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J Genet ; 2020 Sep; 99: 1-11
Article | IMSEAR | ID: sea-215489


Genome sequence of Acinetobacter baumannii DS002 revealed the existence of seven contigs with features of indigenous plasmids. Of the seven contigs, three of them have shown size and sequence identity. They appeared to have been generated due to the unique recombination events leading to a large-scale recombination and sequence inversions. The rest of the indigenous plasmids have shown significant size variations and contained the genetic repertoire required for the detoxification of formaldehyde and biosynthesis of exopolysaccharides. Genetic modules encoding novel toxin–antitoxin systems were found in most of the plasmids to ensure their survival in the host. In some instances, the toxin and antitoxin coding sequences were found on two different plasmids promoting the cosegregation of these two plasmids into the daughter cells

J Genet ; 2019 Feb; 98: 1-10
Article | IMSEAR | ID: sea-215476


Genes encoding structurally independent phosphotriesterases (PTEs) are identified in soil bacteria. These pte genes, often identified on mobilizable and self-transmissible plasmids are organized as mobile genetic elements. Their dissemination through lateral gene transfer is evident due to the detection of identical organophosphate degradation genes among soil bacteria with little orno taxonomic relationship. Convergent evolution of PTEs provided selective advantages to the bacterial strain as they convert toxic phosphotriesters (PTs) into a source of phosphate. The residues of organophosphate (OP) compounds that accumulate in a soil are proposed to contribute to the evolution of PTEs through substrate-assisted gain-of-function. This review provides comprehensiveinformation on lateral transfer of pte genes and critically examines proposed hypotheses on their evolution in the light of the short half-life of OPs in the environment. The review also proposes alternate factors that have possibly contributed to the evolution and lateral mobility of PTEs by taking into account their biology and analyses of pte genes in genomic and metagenomic databases.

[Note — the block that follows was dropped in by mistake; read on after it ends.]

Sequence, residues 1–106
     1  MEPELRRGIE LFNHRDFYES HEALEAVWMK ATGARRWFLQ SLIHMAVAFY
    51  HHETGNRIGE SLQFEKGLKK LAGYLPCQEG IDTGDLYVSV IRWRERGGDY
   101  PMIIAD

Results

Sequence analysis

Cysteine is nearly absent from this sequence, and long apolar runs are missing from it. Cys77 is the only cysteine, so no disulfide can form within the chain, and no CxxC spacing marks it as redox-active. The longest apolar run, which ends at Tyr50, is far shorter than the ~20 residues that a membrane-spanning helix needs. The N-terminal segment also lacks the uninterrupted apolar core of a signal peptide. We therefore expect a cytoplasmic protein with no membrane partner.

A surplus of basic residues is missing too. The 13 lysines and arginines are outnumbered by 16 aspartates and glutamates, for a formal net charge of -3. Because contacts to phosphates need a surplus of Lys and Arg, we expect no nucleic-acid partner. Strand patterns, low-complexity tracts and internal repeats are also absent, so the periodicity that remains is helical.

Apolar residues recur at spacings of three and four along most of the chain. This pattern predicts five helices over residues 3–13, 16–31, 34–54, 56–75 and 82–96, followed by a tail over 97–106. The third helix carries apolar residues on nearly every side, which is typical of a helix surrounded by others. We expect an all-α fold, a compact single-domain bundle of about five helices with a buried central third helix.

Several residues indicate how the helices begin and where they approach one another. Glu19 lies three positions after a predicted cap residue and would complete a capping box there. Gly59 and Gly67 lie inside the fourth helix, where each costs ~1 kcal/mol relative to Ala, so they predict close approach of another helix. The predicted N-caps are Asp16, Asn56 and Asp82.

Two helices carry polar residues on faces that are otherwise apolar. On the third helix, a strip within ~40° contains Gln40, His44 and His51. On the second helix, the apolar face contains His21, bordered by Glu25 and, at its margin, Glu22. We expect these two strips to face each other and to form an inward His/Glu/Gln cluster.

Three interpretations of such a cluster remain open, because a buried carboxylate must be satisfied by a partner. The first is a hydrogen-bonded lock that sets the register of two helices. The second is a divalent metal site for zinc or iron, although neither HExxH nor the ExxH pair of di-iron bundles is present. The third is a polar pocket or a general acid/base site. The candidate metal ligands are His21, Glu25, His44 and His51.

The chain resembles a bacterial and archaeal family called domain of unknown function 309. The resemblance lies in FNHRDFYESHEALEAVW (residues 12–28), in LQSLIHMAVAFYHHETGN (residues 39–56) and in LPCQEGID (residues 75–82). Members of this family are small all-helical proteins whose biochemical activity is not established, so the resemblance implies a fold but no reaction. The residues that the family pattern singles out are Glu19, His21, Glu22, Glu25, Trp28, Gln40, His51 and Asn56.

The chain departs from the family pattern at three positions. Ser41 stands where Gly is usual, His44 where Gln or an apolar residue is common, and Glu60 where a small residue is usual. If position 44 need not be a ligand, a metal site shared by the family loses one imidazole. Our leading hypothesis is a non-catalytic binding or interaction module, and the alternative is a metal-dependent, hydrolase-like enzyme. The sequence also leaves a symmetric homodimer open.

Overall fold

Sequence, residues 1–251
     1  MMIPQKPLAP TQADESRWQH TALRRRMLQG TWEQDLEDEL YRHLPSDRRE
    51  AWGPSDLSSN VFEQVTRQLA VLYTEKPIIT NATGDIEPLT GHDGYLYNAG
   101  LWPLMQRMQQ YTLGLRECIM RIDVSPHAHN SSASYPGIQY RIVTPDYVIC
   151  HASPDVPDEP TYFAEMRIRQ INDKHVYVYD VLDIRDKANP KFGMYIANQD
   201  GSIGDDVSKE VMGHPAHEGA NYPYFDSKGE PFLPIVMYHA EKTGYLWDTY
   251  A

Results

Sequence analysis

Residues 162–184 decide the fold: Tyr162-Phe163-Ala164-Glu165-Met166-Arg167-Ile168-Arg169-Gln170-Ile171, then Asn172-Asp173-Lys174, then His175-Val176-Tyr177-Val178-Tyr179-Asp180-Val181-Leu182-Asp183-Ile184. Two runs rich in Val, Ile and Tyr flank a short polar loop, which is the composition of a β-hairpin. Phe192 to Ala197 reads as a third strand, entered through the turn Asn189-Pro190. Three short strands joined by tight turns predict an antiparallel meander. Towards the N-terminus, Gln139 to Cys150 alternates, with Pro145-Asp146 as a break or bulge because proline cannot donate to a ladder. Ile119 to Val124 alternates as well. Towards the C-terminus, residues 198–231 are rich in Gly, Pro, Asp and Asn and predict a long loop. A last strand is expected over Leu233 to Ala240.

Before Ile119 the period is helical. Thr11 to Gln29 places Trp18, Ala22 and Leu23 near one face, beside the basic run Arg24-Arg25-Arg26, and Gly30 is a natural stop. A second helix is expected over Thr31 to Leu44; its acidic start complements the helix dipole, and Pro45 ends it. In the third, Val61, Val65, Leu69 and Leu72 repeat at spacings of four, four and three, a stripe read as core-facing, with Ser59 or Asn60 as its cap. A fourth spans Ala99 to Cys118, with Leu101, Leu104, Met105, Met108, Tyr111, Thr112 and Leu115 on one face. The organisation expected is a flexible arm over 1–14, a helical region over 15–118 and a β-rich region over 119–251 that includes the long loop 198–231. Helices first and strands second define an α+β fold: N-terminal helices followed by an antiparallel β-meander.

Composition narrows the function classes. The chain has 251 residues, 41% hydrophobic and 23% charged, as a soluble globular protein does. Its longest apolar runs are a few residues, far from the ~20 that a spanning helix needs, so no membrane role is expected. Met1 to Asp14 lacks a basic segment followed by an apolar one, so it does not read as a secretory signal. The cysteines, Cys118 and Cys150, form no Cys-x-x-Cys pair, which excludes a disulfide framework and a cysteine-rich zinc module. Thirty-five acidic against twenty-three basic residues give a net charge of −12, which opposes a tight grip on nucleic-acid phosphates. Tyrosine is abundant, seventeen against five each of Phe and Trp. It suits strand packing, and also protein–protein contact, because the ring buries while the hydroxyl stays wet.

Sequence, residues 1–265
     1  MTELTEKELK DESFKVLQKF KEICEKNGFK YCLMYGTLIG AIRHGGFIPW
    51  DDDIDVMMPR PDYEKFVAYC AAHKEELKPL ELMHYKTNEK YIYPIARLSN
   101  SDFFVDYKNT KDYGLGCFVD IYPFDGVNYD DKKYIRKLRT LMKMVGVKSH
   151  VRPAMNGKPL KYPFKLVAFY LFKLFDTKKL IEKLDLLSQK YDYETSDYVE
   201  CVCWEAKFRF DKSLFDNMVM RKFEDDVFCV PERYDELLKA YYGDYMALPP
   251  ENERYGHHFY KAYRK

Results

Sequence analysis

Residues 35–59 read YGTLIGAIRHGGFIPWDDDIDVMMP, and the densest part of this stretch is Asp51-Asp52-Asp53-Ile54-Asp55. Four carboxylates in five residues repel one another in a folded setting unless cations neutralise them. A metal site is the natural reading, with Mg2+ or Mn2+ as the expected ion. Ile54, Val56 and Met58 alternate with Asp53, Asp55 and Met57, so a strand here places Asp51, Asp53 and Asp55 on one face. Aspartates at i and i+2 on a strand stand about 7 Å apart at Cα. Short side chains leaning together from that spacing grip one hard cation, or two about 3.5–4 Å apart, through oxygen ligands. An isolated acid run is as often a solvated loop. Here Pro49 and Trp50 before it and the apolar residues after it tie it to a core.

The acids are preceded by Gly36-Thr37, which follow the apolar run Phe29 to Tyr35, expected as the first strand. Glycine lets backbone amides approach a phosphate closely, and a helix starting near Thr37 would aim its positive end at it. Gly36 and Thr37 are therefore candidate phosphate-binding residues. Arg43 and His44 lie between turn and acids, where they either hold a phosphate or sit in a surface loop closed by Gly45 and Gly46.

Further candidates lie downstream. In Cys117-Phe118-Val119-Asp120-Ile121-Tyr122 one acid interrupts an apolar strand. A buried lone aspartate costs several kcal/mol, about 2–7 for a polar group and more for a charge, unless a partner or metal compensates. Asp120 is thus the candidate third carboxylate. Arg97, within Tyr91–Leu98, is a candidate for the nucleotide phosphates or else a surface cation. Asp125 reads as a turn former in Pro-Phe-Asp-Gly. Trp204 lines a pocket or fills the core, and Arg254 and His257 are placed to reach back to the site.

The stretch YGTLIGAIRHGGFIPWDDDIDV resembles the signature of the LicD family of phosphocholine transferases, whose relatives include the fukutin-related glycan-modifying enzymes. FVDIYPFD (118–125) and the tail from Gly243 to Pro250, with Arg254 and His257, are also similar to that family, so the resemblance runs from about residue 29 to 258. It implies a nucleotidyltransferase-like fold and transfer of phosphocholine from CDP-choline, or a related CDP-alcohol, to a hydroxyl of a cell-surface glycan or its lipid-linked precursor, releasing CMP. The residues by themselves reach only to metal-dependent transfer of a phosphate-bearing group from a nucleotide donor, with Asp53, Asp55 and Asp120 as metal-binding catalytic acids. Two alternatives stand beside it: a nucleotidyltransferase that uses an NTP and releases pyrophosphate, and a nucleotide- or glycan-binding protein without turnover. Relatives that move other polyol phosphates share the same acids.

Indian J Biochem Biophys ; 2011 Feb; 48(1): 29-34
Article in English | IMSEAR | ID: sea-135297


Bacterial organophosphate hydrolases (OPH) have been shown to hydrolyze structurally diverse group of organophosphate (OP) compounds and nerve agents. Due to broad substrate range and unusual catalytic properties, the OPH has successfully been used to develop eco-friendly strategies for detection and decontamination of OP compounds. However, their usage has failed to gain necessary acceptance, due to short half-life of the enzyme and loss of activity during process development. In the present study, we report a simple procedure for immobilization of OPH on biocompatible gelatin pads. The covalent coupling of OPH using glutaraldehyde spacer has been found to dramatically improve the enzyme stability. There is no apparent loss of OPH activity in OPH-gelatin pads stored at room temperature for more than six months. As revealed by a number of kinetic parameters, the catalytic properties of immobilized enzyme are found to be comparable to the free enzyme. Further, the OPH‑gelatin pads effectively eliminate OP insecticide methyl parathion and nerve agent sarin.

Enzyme Stability , Enzymes, Immobilized/chemistry , Escherichia coli/enzymology , Escherichia coli/genetics , Gelatin/chemistry , Hydrolysis , Insecticides/poisoning , Methyl Parathion/chemistry , Organophosphorus Compounds/chemistry , Phosphoric Monoester Hydrolases/genetics , Phosphoric Monoester Hydrolases/isolation & purification , Phosphoric Monoester Hydrolases/metabolism , Sarin/chemistry , Substrate Specificity